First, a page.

In my Science classroom there is hardly time to get through the curriculum that we have, however we have made a big push these last two years to include more and more individual reading. We all have sat through professional development about how important reading is, and understand the importance of it. I feel like we could use the four stages of bibliotherapy by finding some science fiction books that relate to the topics we are currently discussing. While these books would have some fiction in them, there are great books out there that I have flipped through that actually teach Science without the students even noticing. Having them do it as table groups with different titles, or the same book with different sections assigned to each group, or having them just find a book that has something to do with our topic, I think it could be interesting. The ideas of what could be done with the information afterwards are endless, and could be very helpful to my teaching. The first step for me I would think is to search for some titles that correlate with our lessons coming up and give it a test run. Ryan Harvey
I agree with Mr. Harvey about using science fiction reading in the classroom about current topics that are being taught. I like his idea that this is a way to flip the learning in class from teacher directed to student directed. Anytime students are in charge of their learning it increases their knowledge in a meaningful way. I also agree that time should be spent planning out what possible topics and books would work together.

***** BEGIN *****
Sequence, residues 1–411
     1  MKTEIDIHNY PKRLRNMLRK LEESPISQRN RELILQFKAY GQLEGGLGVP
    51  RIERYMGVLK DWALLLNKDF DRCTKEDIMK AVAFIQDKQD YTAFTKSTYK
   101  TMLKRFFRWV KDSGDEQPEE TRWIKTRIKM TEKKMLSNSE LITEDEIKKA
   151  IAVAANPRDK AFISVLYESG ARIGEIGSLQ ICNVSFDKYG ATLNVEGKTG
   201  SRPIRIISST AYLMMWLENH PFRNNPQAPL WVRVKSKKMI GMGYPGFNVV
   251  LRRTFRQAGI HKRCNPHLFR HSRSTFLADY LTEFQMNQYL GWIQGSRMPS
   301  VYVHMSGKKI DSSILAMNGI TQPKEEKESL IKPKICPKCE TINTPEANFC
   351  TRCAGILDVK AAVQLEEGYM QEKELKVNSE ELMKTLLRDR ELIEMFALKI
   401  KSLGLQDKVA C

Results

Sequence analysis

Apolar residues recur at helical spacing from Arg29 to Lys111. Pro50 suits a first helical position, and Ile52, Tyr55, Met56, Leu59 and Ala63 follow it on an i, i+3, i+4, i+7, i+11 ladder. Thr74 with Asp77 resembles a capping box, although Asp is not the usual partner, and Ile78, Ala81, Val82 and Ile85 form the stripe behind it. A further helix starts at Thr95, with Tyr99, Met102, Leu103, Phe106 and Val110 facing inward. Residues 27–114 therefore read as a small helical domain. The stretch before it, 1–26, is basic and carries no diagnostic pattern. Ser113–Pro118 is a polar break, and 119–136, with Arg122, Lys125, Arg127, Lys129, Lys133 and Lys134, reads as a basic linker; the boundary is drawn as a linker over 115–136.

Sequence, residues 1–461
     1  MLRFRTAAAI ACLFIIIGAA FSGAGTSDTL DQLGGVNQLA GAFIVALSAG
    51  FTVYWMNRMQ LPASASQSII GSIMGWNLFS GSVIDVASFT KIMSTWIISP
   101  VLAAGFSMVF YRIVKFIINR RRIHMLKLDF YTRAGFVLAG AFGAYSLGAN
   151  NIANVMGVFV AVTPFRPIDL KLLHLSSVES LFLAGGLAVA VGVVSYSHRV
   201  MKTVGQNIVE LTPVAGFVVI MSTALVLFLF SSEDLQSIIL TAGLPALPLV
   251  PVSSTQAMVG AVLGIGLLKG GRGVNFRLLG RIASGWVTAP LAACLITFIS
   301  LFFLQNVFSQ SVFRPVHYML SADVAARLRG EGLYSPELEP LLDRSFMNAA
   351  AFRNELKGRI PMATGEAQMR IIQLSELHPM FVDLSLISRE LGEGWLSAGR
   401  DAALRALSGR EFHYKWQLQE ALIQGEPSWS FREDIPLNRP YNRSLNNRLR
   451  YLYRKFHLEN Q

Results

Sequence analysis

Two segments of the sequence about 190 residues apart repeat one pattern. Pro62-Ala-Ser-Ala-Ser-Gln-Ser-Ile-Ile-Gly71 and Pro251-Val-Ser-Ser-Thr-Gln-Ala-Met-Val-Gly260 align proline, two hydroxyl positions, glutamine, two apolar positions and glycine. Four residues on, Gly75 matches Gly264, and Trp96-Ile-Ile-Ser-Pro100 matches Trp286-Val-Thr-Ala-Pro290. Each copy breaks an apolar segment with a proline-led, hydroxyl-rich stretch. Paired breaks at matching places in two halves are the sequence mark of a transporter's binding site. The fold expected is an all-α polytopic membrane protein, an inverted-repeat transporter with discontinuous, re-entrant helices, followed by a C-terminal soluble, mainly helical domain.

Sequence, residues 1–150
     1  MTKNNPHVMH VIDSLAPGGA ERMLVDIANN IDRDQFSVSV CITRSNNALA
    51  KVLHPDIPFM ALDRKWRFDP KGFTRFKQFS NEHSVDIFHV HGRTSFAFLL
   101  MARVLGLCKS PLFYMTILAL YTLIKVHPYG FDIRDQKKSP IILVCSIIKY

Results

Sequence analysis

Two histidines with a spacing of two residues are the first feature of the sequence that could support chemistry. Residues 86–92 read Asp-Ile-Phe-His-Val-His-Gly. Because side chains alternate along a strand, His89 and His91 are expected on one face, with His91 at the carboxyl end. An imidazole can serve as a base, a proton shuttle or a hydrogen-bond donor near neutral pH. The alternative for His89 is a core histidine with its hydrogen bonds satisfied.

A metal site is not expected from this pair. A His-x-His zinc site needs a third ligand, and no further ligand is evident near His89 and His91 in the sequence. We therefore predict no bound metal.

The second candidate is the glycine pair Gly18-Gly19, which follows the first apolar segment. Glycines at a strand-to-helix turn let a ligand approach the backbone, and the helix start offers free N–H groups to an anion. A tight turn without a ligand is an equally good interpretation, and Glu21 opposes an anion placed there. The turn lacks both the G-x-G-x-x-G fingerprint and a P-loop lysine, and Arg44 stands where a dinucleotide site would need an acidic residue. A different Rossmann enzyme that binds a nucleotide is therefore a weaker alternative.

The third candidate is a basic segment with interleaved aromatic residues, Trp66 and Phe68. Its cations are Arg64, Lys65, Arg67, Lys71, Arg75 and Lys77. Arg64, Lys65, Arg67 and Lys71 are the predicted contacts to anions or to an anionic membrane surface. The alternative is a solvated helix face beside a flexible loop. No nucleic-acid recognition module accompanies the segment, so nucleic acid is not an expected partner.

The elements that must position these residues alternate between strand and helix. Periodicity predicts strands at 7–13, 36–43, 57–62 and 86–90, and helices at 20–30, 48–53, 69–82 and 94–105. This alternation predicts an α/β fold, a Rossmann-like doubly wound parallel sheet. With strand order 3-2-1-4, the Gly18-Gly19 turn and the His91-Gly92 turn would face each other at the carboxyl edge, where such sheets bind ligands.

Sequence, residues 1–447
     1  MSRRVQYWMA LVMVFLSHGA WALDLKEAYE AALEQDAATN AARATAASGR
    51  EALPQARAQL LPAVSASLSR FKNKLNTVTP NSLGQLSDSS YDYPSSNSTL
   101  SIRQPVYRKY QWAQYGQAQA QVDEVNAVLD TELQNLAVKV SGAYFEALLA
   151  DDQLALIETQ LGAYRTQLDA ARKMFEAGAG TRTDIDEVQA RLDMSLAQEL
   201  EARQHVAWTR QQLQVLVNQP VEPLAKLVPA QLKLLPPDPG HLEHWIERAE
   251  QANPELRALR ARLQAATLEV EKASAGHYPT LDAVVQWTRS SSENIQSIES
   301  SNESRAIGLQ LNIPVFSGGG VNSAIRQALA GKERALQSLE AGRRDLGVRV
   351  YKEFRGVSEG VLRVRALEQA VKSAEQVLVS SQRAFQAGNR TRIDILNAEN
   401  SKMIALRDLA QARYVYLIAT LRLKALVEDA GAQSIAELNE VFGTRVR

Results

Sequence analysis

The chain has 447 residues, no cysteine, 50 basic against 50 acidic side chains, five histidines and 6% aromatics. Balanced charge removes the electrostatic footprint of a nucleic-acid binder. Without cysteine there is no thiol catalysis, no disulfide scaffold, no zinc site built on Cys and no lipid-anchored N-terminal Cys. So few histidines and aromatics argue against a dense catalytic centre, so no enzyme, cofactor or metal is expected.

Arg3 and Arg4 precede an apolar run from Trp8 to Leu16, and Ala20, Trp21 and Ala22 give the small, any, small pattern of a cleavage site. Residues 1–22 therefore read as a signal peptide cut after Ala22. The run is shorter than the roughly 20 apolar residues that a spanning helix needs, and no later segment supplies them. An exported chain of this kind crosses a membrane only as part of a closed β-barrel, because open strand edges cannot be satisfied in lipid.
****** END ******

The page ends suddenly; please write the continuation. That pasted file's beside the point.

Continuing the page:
There continues to be a push to increase reading literacy in the classroom. In my science classroom I have incorporated more topic specific reading over the last couple of years. This is a good start but it does not address the social/emotional needs of my students. Page 212 states that bibliotherapy can be an aid to personal problem solving and help with socialization. My GT students tend to be voracious readers. Especially in the realm of fantasy or science fiction. I should incorporate more science fiction reading in the class that allows them to explore topics in more unusual ways. This high interest reading allows students to exponentially increase their learning and also helps them to relate to one another. Having time to talk and debate with other students over what they read allows them to gain a higher insight into how and what they learn. This can excite the learner to continue to explore new STEM subjects.
I agree with Laura's August 10th post, that I too should include more science fiction and possibly more nonfiction novels/connections within the curriculum. At times, it seems that all we do is fiction with poetry, plays etc. however a challenge could be to have the students connect to a nonfiction person/event that correlates to the class book.
Teaching ELA, incorporating the 4 stages of bibliotheraphy to me, is almost an expected practice. So, when conducting book studies, the group topics/discussions can fall into place with the 4 stages. I like to introduce the arts when making the catharis stage and possibly the insight/universalization. Many times I have my students, while reading, discuss main event or themes and find music that also creates that theme inn them when we listen to it. Another way, I give them art books and of course access to the internet for art pieces that connect to the book. The students must relate to the class how the items relate to the book by theme, character, emotion etc. I find it gives them a way to individualize the book for them and I can also see if they ‘got’ the book’s message by the way they compare it to their outside piece.
I believe that bibliotherapy can be used as an activity for kids to get to know each other. In allowing them to talk about the books they are reading or are interested in, we can gain important insights about our students. Among themselves, students can establish connections through shared experiences which can promote integration and help dispel feelings of isolation or of being the odd man out. (PV)